Imagine having a doctor’s appointment in two hours and your friend who planned to take you was called into work last minute; you no longer have a ride. There are other options:
- You could take the bus, but you aren’t within walking distance of a stop. Even if you were near a bus stop, the timing can be unpredictable and take a few hours to arrive at your destination
- You can’t reserve a ride because the company requires at least one day notice to be picked up from your home
- Other friends and family members are unavailable
- Uber or Lyft is very expensive
What do you do? The only answer is to cancel the appointment, which stops you from getting the necessary treatment and/or medications you need to be healthier.
Transportation as a Social Determinant of Health (SDOH) affects nearly every other SDOH because it hinders access to needed services, whether it be a doctor’s appointment, trip to the grocery store, and many other places.
Cambria County is mostly rural, but has a small urban pocket. According to a Stacker.com article, Cambria County is 90.8% or 625 square miles rural compared to 9.2% urban or 63 square miles. Unique transportation and health problems exist in both areas, though.
In June 2020, The American Journal of Public Health (AJPH) published an article regarding transportation barriers and health care. The article used findings from the National Health Interview Survey (1997-2017).
The AJPH article reports, “Some studies have found that patients who live in nonurban areas face greater transportation barriers to health care access than do their urban counterparts. Compared with people living in urban areas, rural residents reported longer travel time to see a physician, particularly a specialist.”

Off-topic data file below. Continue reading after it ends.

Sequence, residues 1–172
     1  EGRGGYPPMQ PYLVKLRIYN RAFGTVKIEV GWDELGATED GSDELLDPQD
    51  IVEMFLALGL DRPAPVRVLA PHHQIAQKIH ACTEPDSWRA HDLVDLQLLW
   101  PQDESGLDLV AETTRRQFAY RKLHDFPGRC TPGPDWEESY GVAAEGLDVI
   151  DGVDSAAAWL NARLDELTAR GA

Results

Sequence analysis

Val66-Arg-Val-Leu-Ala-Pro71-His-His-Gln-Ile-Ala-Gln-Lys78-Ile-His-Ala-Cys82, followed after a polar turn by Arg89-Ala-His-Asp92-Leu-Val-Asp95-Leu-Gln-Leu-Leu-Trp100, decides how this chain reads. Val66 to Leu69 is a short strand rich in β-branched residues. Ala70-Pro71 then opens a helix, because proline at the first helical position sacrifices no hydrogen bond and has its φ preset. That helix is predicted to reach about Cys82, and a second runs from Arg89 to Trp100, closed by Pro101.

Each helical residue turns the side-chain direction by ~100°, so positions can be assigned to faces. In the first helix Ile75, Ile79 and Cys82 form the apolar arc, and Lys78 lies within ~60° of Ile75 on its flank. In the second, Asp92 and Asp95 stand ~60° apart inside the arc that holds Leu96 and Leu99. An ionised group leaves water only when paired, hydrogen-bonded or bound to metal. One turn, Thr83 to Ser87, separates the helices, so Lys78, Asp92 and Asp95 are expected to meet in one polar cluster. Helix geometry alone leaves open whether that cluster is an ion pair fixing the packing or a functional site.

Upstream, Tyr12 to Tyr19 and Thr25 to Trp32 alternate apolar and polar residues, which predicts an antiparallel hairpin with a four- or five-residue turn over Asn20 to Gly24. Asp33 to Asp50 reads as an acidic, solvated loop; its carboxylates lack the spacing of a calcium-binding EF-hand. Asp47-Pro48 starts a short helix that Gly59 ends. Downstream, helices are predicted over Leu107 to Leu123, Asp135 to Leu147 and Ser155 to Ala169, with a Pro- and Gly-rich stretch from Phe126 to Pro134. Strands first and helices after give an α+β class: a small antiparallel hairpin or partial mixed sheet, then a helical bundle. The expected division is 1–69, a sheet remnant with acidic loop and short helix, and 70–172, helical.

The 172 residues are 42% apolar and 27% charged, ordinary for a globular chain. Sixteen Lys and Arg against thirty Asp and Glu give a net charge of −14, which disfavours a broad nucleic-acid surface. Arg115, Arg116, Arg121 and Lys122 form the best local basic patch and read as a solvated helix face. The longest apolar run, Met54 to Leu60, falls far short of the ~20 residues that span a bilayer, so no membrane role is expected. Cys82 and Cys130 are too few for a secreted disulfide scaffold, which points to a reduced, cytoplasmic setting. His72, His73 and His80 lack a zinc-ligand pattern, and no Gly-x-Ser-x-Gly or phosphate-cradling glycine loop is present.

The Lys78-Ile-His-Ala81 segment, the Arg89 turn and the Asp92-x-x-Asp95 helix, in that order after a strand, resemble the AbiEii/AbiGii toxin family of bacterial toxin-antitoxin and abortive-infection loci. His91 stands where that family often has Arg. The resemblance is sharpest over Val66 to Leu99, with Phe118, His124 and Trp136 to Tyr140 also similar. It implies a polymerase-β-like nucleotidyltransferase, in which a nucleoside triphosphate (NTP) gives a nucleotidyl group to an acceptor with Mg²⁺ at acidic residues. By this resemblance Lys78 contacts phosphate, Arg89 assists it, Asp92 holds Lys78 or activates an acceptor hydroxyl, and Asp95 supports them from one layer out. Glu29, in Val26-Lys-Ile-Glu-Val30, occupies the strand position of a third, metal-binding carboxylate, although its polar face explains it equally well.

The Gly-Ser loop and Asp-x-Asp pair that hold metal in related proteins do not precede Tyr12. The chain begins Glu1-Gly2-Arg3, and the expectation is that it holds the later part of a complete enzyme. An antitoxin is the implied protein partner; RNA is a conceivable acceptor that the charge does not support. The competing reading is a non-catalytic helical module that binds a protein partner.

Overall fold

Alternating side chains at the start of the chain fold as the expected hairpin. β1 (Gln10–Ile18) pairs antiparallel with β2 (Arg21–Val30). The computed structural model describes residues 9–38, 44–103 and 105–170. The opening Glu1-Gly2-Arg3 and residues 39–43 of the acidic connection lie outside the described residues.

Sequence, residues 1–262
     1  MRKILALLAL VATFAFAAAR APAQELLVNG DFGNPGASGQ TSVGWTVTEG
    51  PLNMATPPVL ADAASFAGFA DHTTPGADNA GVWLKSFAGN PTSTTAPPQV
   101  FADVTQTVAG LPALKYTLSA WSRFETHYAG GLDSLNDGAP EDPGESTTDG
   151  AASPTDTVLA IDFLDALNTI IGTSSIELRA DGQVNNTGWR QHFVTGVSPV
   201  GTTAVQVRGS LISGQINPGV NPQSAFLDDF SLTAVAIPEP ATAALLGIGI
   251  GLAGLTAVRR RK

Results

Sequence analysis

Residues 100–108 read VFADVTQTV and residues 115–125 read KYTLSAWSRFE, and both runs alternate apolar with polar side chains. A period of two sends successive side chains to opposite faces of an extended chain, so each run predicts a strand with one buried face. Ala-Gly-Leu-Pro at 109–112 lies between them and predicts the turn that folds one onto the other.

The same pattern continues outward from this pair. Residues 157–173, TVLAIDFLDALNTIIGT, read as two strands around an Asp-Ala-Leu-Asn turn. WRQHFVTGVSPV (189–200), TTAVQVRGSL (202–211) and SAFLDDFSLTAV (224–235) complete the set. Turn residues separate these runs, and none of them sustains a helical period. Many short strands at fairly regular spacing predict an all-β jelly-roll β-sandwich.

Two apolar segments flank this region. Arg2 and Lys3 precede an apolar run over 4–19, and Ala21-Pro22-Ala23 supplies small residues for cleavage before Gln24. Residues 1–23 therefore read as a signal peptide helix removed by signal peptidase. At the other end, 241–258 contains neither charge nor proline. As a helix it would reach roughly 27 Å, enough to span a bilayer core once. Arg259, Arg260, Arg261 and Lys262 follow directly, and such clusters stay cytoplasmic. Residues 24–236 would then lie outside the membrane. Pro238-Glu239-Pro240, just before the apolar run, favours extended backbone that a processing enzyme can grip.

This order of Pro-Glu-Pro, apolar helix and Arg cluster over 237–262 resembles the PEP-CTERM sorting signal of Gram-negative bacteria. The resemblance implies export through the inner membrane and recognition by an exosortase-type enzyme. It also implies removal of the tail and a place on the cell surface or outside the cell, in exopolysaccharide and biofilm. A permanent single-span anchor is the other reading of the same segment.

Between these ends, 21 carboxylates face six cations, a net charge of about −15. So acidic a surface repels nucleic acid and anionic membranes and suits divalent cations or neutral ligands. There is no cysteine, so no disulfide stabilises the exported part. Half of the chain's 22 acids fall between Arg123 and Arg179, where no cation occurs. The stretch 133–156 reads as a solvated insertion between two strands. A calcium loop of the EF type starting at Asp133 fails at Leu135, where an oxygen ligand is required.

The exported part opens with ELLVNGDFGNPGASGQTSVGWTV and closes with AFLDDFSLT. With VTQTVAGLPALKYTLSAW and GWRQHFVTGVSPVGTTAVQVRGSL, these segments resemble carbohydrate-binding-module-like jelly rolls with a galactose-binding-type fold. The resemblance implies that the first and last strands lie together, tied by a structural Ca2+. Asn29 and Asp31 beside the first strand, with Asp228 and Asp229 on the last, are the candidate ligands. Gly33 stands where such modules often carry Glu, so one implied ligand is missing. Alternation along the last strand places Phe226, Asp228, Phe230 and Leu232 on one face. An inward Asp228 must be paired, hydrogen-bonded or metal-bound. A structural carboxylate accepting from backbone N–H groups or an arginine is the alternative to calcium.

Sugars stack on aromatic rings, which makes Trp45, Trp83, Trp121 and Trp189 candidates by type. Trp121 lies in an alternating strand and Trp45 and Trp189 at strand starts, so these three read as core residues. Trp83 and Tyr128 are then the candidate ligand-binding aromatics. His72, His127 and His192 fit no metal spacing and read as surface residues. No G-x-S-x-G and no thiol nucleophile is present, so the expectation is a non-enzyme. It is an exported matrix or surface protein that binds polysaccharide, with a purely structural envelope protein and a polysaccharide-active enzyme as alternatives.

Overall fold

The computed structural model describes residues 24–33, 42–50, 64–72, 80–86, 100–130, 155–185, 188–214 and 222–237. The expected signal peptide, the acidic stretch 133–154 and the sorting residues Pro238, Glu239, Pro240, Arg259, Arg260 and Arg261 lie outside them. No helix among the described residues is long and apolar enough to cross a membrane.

In comparison, the AJPH article states “Even in urban areas where health care facilities may be closer, low-income neighborhoods often rely on aging transportation infrastructure, unreliable service, or fixed routes with service areas that do no align with medical facility destinations.”
There can also be miscommunication and difficult to read bus routes for urban residents.
In many instances, people who are lower income, or underinsured or uninsured experience a lack of stable transportation.
According to the AJPH article, “This population of people, frequently referred to as ‘transportation-disadvantaged,’ often shift their care-seeking to more costly, acute-care settings” like an emergency department – because of preference or convenience.
Lack of vehicle access, inadequate infrastructure, long distances and lengthy times to reach needed services, transportation costs, and adverse policies that affect travel are all considered transportation issues, according to AHA.
In order to better serve areas and individuals who are considered transportation-disadvantaged, creating communities that are walkable, have bike lanes and bike share programs, and have affordable transportation is imperative.